For any test with a significant F value for genotype we also calculated omega-squared (ω2), an effect size measure which estimates the proportion of variance in a dependent measure accounted for by an independent categorical variable in the population from which the sample was drawn [Kirk, 1982]. Thus we used ω2 to measure the amount of variance in brain morphology accounted for by MAOA genotype in young autistic children. Omega-squared is given by the equation:
where, for our models, SSeffect is the Type III sums of squares for genotype, dfeffect is the number of degrees of freedom for genotype (2 for an additive model, 1 for a dominant model), MSerror is the mean square error for the entire model, and SStotal is the corrected total sums of squares for the entire model.
CLSA genotype data was analyzed using PEDCHECK and MERLIN to identify Mendelian inconsistencies and genotyping errors. The test statistic used was a standard univariate FBAT (Golden Helix). The standard null hypothesis was used which stated that no linkage or association was present at this locus. Additionally we conducted the FBAT test under all possible genetic models (additive, dominant, and recessive). Using the FBAT ALL analysis, we found no evidence to support unbalanced transmission of alleles within the CLSA sample (MAOA-L, P = 0.56; MAOA-H P = 0.44).
Similarly, our coding sequence screen did not identify any variants that were not already described in publicly available SNP databases; specifically, we identified no non-sense or missense variants.
Allele frequencies for the UNC MRI and IPNC samples are shown in Table I. The ANCOVA F test for the 2-genotype MAOA-L/H effect was significant for total cerebral cortical volume (Table II). This led us to perform separate genotype tests for cortical GM and WM, both of which were significant (F = 5.30, P = 0.01 and F = 4.80, P = 0.02, respectively). We then parsed cortical gray and white matter into lobe-based subregions and found significant genotype effects for frontal GM and WM volumes. Volume-genotype relationships in the temporal and parieto-occipital regions showed a similar pattern of relationships, though they did not achieve significance. Genotype omega-squared (ω2) values for structure volumes influenced by genotype ranged from 4% to 9%. We then graphed the adjusted means of the cerebral cortical gray and white matter for each genotype group. Examination of the adjusted means for these structures revealed that the H allele was associated with smaller structure volumes and the L allele with larger volumes (Fig. 1). Genotype did not significantly influence cerebellar GM or WM volumes (Table II) in our sample of children with autism. We also did not find any significant relationships between MAOA-L/H and brain size in typically developing children (Table III). Due to the discrepancy in ages between the two MRI samples, they should not be directly compared. However, the IPNC sample is representative of a healthy pediatric population and the fact remains that the MAOA VNTR alleles produce different effects on brain size in the autism MRI sample and no significant effect on brain size in the IPNC sample.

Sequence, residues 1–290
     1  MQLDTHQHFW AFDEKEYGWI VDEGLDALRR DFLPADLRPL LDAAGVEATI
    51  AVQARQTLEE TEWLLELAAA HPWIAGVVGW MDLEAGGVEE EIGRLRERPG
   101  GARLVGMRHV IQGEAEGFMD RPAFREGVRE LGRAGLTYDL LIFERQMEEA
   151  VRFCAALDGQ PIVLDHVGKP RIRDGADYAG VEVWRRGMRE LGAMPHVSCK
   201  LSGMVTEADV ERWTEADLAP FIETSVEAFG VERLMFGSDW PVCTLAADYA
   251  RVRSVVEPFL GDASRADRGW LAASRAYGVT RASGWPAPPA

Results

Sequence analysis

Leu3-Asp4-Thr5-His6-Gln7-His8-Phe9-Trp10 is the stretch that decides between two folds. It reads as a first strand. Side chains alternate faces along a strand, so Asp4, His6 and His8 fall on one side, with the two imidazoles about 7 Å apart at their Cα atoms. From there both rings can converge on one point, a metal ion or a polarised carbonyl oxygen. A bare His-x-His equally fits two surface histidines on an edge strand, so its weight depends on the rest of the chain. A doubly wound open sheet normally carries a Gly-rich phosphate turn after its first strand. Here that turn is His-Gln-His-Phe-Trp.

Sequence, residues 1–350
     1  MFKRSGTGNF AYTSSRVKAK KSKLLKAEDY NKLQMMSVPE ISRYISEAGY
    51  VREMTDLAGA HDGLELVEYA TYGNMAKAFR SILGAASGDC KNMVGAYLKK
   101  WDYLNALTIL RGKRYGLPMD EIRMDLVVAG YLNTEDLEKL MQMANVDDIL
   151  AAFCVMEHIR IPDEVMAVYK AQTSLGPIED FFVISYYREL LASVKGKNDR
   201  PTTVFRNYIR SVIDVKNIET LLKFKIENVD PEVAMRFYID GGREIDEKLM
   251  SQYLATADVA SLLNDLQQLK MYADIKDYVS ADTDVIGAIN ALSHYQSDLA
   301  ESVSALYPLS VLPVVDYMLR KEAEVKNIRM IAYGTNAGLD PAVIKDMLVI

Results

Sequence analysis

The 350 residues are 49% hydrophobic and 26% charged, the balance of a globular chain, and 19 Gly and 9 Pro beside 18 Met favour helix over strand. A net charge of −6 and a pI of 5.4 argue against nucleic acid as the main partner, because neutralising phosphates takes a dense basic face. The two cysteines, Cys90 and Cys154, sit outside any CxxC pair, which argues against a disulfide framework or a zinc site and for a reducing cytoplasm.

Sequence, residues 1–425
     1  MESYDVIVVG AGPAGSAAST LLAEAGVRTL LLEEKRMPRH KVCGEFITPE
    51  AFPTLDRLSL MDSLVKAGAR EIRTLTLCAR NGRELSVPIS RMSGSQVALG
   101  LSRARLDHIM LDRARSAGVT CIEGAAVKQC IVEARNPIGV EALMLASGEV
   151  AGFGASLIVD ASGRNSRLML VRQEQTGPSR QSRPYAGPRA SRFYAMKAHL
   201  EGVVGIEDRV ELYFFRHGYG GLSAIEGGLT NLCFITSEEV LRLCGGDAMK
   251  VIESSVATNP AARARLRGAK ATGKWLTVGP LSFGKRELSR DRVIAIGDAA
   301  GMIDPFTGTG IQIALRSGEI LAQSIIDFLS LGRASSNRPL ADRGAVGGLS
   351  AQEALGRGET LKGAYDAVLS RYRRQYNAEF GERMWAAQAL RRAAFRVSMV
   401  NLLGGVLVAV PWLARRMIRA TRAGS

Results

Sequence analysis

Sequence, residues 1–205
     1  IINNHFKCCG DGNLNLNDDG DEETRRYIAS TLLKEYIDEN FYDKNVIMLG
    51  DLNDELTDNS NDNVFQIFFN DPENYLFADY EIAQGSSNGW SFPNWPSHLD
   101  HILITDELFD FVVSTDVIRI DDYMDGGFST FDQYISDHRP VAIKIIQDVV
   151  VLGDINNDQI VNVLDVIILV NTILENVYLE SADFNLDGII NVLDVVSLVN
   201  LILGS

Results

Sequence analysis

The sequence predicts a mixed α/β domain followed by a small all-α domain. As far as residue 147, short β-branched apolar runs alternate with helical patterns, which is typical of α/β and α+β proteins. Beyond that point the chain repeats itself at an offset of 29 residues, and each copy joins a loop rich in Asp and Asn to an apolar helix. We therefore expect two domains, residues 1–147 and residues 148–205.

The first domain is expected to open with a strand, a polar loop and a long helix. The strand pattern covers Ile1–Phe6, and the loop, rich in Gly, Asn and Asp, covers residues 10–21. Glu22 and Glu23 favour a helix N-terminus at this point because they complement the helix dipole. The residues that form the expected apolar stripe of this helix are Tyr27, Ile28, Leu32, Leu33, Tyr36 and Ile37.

We found that the low activity MAOA promoter polymorphism allele was associated with increased cerebral cortical volumes in a sample of young male children with autism (Fig. 1). When tissue type and the cerebral lobes were examined separately, the effects were similarly significant for total and frontal gray and white matter volumes, with allelic effect sizes ranging from 3% to 9%. The effects were in the same direction, though not significant, for temporal and parietal-occipital volumes, and no effect was seen in the cerebellum (Fig. 1). Thus the MAOA promoter polymorphism appears to exert a generalized effect on cerebral cortical volumes in young male children with autism. In contrast to the brain structure data, we did not find association of the MAOA promoter polymorphism with autism, nor did we detect any rare disease-causing variants in our mutation screen. These results are consistent with previous studies in which the low activity allele has repeatedly been associated with more severe autism symptomatology while the variant has generally not found to be associated with autism itself [Yirmiya et al., 2002; Cohen et al., 2003].